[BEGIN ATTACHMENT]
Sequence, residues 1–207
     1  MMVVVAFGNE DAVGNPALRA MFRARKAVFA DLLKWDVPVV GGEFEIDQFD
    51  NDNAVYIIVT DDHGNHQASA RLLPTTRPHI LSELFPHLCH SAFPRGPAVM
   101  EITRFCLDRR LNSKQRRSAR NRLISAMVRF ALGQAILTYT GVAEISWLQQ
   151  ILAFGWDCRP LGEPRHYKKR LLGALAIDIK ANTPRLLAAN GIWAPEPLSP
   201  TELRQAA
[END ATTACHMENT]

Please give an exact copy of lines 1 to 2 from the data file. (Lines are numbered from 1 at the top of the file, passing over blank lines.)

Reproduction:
Sequence, residues 1–207
     1  MMVVVAFGNE DAVGNPALRA MFRARKAVFA DLLKWDVPVV GGEFEIDQFD